The suggestion that the diacritics of the Hebrew text can be ignored not only indicates a belief that God not only lied about preserving his word, but that texts cannot be preserved without the help of modern style scholarship. Texts have survived intact without the help of modern scholarship and computers throughout history, and these include texts that God did not promise to preserve.
The Qur’an was not originally written down, but was only memorized. Still today men called hafizes exist all over the Muslim world who memorize the entire Qur’an and can recite any part of it at will. For the first couple hundred years or so that the Qur’an was written down there were no dots at all in the text due to the lack of an actual established alphabet for Arabic (early scripts like Nabatean previously existed, but were regional and temporal). This meant that not only were vowels, doubled letters, and stops not indicated, but most consonants were indistinguishable. There was no orthographic way to distinguish B, T, TH, N, and Y. Likewise the same can be said of J, H, and KH, or D and DH, or R and Z, or S and SH, or emphatic D and emphatic S, or emphatic T and emphatic DH, or F and Q, or Ayn and Ghayn, Imagine the confusion that a diacritic-free Qur’an could have caused, but through the work of hafizes and serious Muslims who had great familiarity with the words of the Qur’an, the text has been preserved since the seventh century with only very slight variations in a few minor spots in an Egyptian recension.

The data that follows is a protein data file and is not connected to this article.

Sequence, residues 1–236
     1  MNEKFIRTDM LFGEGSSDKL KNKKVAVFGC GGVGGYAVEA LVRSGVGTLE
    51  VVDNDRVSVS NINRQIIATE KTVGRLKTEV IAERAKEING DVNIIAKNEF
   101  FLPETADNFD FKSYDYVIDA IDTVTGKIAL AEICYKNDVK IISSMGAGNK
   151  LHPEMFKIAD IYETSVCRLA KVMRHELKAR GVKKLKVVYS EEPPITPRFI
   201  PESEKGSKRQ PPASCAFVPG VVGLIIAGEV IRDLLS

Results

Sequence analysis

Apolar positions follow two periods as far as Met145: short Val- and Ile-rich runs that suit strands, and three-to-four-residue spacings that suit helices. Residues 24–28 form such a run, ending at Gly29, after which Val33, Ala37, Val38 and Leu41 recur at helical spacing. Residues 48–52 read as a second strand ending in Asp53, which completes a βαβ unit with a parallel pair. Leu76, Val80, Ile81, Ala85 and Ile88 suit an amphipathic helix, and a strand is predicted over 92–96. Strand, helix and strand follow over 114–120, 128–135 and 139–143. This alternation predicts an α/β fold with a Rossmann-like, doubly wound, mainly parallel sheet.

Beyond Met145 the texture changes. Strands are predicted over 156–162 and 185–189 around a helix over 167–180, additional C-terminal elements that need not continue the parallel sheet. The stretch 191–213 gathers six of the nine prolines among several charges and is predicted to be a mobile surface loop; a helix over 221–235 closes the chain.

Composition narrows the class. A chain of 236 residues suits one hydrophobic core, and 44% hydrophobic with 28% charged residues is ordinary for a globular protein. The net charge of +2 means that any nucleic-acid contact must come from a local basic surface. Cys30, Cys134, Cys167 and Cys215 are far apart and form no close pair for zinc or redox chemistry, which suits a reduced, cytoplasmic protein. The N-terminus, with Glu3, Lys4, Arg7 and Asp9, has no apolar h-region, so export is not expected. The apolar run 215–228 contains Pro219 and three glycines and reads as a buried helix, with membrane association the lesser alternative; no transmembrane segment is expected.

The Vedas are another example. The generally accepted date for the Rigveda is somewhere between 1500 to 1200 B.C. It was not written down for centuries, but memorized by individuals whose whole lives were devoted to retaining it in their heads and passing it on. To this day all four Vedas are completely memorized by certain Hindu priests who no longer even know what the text means (Vedic is quite different from later Sanskrit).